I don’t want to miss these opportunities, because the day will come when that will no longer be possible. Let’s make the most of the time we’ve been given.

Our time is to be given to labor.

This next item will cause you to groan and moan, but our time is also to be given to labor. God has called us to work. Some might think work is part of the Fall, but in reality Adam’s work assignments were given before the Fall, during a season of perfection. Work came before sin entered the scene.

Our labor is given to us as a means for providing for ourselves and our families; it allows us to be a vital part of our communities and it also brings us a level of fulfillment. Some of us have difficulty finding fulfillment in what we’re doing, but God intended those three things to be lived out through our work.

As Christ followers, we are commanded to give our best efforts to our work. We need to be the best employees or the best employers possible. In order for that to happen, we must order our lives in such a way that when we arrive at work tomorrow, we will be “bright eyed and bushy tailed” and ready to do our best. We aren’t going to be doing this for that jerk boss. Colossians 3:22 reminds us that we’re not only serving earthly masters, we’re actually serving the Lord Christ, our heavenly Master.

So even when no one is looking, we know God is seeing what we do. He’s seeing how faithful to Him we are in our workplaces. The greatest outreach tool we have as adults is through our willing and effective work in our workplaces. Nobody will listen to your gospel presentation if you’re the guy who never gets the job done, if you can’t be counted on, if you’re the woman who does unethical things instead of doing the hard work. We need to dedicate proper time to our labors.

Our time is to be given to leisure.

Finally, before you guys get rid of me, we need time for leisure, amen? We’re reminded that in Genesis God labored for six days. He created the cosmos, hanging it right where He wanted it. He formed the galaxies, then moved to the details of creating plants and animals on our planet, culminating with the creation of humanity itself. But on the seventh day, God rested.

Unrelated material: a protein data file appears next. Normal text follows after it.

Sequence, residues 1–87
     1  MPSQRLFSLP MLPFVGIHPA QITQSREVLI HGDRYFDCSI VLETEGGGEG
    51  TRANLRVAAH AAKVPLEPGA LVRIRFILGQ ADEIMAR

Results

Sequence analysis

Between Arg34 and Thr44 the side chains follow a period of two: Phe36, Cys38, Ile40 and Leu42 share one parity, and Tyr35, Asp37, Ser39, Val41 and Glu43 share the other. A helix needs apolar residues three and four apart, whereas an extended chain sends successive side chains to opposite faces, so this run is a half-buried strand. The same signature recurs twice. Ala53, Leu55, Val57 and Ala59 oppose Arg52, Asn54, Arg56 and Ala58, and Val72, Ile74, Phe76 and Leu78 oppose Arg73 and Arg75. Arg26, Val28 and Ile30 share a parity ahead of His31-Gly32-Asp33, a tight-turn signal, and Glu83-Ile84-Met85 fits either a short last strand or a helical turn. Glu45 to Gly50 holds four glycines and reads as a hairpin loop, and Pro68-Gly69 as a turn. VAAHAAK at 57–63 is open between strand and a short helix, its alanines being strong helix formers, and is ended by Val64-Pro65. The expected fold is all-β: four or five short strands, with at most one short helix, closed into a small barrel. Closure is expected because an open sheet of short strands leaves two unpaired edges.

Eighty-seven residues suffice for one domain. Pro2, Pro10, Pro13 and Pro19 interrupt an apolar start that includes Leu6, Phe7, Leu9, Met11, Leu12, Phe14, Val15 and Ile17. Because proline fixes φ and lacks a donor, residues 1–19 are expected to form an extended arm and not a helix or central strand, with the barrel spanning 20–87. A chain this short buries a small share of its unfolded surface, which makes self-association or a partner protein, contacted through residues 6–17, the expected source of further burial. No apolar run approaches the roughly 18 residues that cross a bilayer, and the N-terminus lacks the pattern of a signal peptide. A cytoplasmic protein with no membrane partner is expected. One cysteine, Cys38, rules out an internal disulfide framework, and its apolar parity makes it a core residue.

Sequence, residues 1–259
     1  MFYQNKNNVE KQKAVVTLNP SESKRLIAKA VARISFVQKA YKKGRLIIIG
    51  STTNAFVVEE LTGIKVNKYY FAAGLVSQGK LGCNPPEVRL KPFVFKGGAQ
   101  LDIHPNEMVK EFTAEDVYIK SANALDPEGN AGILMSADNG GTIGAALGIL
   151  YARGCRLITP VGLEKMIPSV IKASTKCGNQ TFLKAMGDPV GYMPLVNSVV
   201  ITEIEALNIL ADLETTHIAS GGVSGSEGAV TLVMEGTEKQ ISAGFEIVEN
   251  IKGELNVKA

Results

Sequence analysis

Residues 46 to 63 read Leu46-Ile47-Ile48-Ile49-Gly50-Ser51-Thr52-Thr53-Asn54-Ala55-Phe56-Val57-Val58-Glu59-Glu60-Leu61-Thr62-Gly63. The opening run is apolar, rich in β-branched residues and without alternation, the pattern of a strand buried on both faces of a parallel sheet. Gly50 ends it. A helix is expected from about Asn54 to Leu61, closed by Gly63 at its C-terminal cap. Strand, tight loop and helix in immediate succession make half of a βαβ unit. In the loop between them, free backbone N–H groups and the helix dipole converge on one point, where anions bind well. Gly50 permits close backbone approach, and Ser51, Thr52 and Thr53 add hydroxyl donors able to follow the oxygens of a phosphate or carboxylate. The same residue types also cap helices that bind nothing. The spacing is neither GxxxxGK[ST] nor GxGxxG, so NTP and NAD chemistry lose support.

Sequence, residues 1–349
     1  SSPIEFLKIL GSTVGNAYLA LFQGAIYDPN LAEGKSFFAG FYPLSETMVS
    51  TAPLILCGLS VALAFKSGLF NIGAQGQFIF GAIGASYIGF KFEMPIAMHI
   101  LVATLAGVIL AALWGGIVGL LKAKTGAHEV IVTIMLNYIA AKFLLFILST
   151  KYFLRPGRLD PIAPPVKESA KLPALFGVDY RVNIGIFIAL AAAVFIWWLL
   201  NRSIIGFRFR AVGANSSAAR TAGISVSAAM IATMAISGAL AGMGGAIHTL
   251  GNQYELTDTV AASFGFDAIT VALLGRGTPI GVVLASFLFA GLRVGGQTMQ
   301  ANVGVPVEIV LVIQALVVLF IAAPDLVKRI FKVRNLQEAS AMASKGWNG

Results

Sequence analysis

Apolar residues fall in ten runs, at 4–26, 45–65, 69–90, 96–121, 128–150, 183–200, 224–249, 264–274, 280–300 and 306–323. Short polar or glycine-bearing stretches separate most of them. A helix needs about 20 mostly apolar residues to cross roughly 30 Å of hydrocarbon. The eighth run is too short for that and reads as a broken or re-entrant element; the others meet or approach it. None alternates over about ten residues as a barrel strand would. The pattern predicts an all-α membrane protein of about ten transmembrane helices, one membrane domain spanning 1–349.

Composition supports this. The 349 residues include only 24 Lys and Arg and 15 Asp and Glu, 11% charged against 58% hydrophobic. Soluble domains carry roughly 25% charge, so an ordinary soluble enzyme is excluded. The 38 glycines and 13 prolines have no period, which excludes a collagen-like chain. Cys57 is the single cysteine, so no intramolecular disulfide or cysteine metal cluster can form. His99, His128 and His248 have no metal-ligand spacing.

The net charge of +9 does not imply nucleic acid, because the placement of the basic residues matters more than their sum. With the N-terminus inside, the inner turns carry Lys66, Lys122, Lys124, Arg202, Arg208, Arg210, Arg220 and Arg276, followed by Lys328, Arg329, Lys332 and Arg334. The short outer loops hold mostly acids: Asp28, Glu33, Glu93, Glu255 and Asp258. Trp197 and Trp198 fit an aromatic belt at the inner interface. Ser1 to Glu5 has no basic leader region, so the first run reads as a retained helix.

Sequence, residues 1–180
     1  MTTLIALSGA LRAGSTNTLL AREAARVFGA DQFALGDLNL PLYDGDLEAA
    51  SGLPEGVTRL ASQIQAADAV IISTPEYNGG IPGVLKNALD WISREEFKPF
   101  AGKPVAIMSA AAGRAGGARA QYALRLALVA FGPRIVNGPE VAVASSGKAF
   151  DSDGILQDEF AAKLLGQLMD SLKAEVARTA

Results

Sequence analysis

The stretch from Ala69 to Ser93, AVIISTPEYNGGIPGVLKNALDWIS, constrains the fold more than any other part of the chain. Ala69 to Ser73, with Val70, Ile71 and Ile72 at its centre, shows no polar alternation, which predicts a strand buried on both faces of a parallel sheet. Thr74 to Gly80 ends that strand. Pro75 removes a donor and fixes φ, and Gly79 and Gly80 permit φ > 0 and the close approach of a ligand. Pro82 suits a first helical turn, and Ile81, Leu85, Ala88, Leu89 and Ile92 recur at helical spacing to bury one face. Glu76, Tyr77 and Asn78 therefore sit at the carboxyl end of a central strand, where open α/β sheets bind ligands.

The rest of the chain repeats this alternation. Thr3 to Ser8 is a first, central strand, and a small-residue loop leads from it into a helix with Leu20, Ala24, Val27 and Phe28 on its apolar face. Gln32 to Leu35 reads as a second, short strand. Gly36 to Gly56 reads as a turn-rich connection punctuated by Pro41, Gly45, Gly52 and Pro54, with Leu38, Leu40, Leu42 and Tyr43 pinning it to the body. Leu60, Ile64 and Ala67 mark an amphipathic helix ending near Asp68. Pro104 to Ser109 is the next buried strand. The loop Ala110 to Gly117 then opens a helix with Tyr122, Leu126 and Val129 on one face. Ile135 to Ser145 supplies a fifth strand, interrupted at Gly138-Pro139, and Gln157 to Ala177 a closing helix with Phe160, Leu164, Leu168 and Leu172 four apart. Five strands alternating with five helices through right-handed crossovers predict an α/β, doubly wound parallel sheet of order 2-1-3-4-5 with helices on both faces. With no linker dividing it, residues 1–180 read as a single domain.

This is something we have a theology for, but it can become warped. We tend to think that God took a vacation on the seventh day. We imagine God thinking, “I built this place called Orlando and I’m going to go visit it.” God doesn’t vacation. Or maybe we think God just took a long nap—except Scripture tells us He doesn’t get tired like we do. He has no need for naps. He doesn’t yawn or grow tired from physical work. He’s omnipotent and He has an eternal supply of power.

So what does it mean for God to take a day off? Why does He take time to rest if He wasn’t tired? God took that seventh day to reflect on and glory in what He had done in the previous six days. He rejoiced in His creation. He rejoiced in the relationships He now had. He had a relationship with the earth itself. First, he had a relationship with the trees and the rocks, then with the animals, but most of all, He rejoices in the relationship He was able to have with humanity—with you and me.

Now, let me say up front that napping is not a bad thing. Do I hear an amen? Just not now—it’s sinful to nap in church. Vacations aren’t a bad thing. We’re coming up on Spring Break and the Badals will be heading out on vacation. I don’t want you to think I’m saying vacations are wrong. But I want you to learn to funnel your leisure through the Scriptures. Why did God create rest? I want you to know that your vacation, or your day off, has a purpose. Its purpose is to make you really, really good at doing those top three priorities with your times. Your time off should make you a better follower of Christ, a better lover of your loved ones, and a better laborer for your employer.